MISSOULA — She hails from the same hometown as Evel Knievel and shares an important quality with the legendary stunt performer:
Erika McLeod is Butte tough.
The University of Montana track and field standout showed it once again Thursday at sunny Dornblaser Field. Sidelined by a calf injury that prevented her from going to indoor nationals in March, McLeod salvaged her senior outdoor season in a big way, winning the heptathlon in the Big Sky Conference Championships.
"Brian (Schweyen) always jokes with me that I'm like the tough one on the team because I'm from Butte," McLeod said of Montana's head track and field coach.
"I don't know if I necessarily agree with that, but I do have a lot of pride in representing my high school and the people there. When I need to be tough I guess I can be."
McLeod was out for six weeks prior to the outdoor season with a pulled calf muscle. This week marks the first that everything came together for her in her final outdoor season.
"Considering where she was a month ago and what she was able to do today, it's absolutely incredible," Schweyen said.
"Just her mental toughness coming to a championship meet without having the reps and the training and everything she felt she needed to put all that behind her and compete like she knows how to compete ... That's what impressed me the most. But in the same breath, I wasn't surprised."
McLeod set herself up for Thursday gold with a strong Wednesday, placing in the top four of three events and winning the high jump. She kept the momentum going Thursday morning by winning the long jump at 19 feet, 5 1/4 inches. Then she took fourth in the javelin (113-7) and sixth in the 800-meter running finale (2:23.64).
McLeod finished with 5,425 points. Idaho State's Ashley VanVleet-Sturgis was second with 5,261. Montana freshman Jansen Ziola, who won the 100 hurdles on Wednesday, took sixth with 5,027 points.
McLeod was congratulated by Schweyen while sitting on the track following an exhausting 800 run. The moment brought her to tears.
"I keep thinking back to so many of my teammates and how we decided to take a redshirt season for this reason, so we could compete in this meet," said McLeod, who has two Big Sky outdoor heptathlon and three Big Sky indoor pentathlon titles to her credit. "It's just crazy the last few months, especially.
"It's been bittersweet, just reflecting on my career. I just wish I had better words because it's so special to end it here with a home crowd and my family and teammates and coaches, just everyone who came to watch."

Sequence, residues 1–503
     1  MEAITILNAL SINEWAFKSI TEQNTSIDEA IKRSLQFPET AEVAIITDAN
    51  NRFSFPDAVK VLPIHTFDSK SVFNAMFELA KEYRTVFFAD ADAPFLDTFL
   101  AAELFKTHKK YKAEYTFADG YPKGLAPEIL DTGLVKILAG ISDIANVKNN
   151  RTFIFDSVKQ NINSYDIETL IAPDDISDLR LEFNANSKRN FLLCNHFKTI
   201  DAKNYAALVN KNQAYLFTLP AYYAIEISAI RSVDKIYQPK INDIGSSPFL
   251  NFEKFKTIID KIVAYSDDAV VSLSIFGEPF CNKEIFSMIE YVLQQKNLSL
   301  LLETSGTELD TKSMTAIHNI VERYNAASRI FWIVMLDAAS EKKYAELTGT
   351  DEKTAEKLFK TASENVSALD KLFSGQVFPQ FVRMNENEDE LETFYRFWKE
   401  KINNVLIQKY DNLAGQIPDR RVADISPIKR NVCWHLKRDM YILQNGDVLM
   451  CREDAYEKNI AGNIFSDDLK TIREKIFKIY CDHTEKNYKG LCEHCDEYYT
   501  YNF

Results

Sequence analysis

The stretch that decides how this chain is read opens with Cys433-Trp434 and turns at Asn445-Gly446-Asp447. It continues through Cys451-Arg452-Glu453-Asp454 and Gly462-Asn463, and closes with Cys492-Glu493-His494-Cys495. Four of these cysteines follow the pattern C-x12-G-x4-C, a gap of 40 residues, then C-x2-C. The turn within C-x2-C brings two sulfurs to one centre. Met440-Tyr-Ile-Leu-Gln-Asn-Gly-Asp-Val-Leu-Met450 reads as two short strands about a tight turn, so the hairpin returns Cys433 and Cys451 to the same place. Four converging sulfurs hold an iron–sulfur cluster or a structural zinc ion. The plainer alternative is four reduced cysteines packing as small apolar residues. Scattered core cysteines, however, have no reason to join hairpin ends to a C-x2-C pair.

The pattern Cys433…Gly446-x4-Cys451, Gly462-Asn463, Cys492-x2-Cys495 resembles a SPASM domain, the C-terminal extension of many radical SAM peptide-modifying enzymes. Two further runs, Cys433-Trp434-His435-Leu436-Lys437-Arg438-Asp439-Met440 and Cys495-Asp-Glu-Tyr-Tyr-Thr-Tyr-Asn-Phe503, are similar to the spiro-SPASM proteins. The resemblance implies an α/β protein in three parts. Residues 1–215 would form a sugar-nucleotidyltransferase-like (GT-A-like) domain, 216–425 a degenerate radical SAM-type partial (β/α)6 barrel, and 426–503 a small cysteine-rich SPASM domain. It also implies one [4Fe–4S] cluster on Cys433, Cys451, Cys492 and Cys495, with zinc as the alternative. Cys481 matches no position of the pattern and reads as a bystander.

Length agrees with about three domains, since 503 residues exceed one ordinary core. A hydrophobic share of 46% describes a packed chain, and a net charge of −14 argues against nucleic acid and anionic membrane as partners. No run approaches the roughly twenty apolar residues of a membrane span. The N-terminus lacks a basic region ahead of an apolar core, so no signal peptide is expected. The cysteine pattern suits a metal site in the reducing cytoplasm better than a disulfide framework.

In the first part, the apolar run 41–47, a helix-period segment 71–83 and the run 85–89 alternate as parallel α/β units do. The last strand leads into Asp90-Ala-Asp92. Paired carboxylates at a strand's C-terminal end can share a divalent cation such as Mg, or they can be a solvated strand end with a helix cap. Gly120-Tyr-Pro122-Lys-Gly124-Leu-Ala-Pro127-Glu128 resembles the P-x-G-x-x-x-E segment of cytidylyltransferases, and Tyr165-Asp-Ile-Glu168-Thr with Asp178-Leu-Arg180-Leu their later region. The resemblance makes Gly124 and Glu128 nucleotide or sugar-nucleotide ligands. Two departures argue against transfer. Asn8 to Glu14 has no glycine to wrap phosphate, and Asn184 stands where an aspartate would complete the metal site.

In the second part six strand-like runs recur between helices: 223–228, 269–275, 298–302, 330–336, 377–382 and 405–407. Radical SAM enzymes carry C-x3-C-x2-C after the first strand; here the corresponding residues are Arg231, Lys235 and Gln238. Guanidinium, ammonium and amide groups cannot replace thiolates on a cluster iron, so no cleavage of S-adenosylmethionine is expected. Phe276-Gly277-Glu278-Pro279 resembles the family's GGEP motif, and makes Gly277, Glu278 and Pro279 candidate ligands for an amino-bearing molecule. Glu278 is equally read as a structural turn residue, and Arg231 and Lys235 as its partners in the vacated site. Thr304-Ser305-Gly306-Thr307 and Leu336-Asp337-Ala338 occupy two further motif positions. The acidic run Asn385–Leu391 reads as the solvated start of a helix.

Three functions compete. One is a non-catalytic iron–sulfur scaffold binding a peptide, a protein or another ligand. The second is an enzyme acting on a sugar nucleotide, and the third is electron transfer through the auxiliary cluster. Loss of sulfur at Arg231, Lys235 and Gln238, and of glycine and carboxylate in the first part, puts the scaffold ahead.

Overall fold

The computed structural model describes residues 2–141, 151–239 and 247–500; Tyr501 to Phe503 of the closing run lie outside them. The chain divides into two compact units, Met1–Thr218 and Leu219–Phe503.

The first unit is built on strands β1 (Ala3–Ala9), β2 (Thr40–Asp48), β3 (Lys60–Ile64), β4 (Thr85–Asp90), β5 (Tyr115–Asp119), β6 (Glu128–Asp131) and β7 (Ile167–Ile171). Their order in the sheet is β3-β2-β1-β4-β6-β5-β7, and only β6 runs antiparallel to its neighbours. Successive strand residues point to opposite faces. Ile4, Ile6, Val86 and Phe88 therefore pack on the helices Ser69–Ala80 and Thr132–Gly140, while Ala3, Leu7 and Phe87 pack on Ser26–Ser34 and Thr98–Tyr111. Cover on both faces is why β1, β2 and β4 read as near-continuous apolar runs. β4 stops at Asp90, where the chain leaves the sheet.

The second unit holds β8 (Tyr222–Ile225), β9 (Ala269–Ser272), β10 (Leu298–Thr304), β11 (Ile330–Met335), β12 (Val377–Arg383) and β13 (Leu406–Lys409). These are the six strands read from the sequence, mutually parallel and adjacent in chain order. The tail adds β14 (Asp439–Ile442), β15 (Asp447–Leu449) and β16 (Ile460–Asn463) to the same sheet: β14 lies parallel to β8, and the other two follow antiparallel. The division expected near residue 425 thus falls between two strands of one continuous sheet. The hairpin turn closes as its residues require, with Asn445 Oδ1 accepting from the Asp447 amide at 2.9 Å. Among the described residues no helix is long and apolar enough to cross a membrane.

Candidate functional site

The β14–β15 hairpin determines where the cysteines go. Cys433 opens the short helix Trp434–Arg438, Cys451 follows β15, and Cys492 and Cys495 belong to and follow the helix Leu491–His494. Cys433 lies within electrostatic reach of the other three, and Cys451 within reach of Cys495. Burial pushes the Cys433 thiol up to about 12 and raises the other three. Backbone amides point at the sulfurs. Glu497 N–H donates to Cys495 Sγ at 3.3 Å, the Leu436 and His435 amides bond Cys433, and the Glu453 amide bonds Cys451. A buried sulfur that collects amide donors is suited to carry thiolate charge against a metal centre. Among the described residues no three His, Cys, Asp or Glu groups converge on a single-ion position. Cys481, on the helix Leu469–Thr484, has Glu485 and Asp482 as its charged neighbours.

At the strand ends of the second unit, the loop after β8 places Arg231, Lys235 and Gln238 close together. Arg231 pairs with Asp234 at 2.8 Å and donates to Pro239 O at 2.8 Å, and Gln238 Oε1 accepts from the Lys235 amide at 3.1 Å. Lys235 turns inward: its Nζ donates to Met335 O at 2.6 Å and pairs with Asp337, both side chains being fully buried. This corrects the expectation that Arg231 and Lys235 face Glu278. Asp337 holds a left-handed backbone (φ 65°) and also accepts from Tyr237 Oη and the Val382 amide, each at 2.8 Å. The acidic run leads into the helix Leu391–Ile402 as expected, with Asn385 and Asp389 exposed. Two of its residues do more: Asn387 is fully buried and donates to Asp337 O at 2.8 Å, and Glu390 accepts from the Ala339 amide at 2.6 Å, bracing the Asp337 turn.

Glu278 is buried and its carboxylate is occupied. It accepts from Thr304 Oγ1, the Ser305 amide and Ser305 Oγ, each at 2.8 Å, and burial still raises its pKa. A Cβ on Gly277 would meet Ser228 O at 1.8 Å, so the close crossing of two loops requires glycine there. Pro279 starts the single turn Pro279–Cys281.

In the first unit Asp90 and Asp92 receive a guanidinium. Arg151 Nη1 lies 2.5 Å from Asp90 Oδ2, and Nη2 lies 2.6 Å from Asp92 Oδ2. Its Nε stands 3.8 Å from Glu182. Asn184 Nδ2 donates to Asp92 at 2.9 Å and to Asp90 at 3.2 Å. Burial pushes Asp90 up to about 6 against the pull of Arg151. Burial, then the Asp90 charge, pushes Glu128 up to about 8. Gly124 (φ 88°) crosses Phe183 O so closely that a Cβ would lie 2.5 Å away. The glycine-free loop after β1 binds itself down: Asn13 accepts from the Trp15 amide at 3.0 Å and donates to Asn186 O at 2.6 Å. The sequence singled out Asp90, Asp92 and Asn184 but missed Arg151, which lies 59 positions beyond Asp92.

Chances are McLeod has competed in her final collegiate heptathlon. However, Schweyen is not giving up hope for a berth in nationals.
"She needed to be around 5,550 points," the coach said. "Still, she's 23rd in the nation and there's some multis out there that haven't been finished and anything can happen.
"The top 24 go to nationals. I know she wanted to go and weirder things have happened. She still could get in."
McLeod, a psychology major who hopes to stay involved in track in the coming years as either an athlete or coach, will close out her final home meet by competing in the long jump Friday and 1,600 relay Saturday.
"Above everything else, I just love track and field," she said.
Montana made it a clean sweep in the multis, with redshirt sophomore Brendan Thurber-Blaser fighting from behind to win the decathlon late Thursday afternoon. Defending champion Donte Robinson of Portland State held a lead with three events remaining, then left the door open after no-heighting in the pole vault.
Robinson elected to pull out of the javelin and 1,500.
Thurber-Blaser amassed 7,154 points, coming through with a second-place finish in the pole vault (14-2) and a fourth-place finish in the 1,500 (4:50.82). He had 22 more points than second-place Wyatt Thompson-Siporen of Montana State. Grizzly freshman Aidan Diggs took third with 6,790 points and junior teammate Josh Riley was fourth with 6,764 points.
"I'm pretty speechless right now," said Thurber-Blaser, an Oregon native who was hampered by a partially torn Achilles earlier this spring. "I wasn't the most-prepared guy here, but I wanted it."
The meat of the Big Sky meet will start Friday. Champions will be crowned in four men's and four women's field events along with the men's and women's steeplechase. The majority of the champions will be crowned Saturday.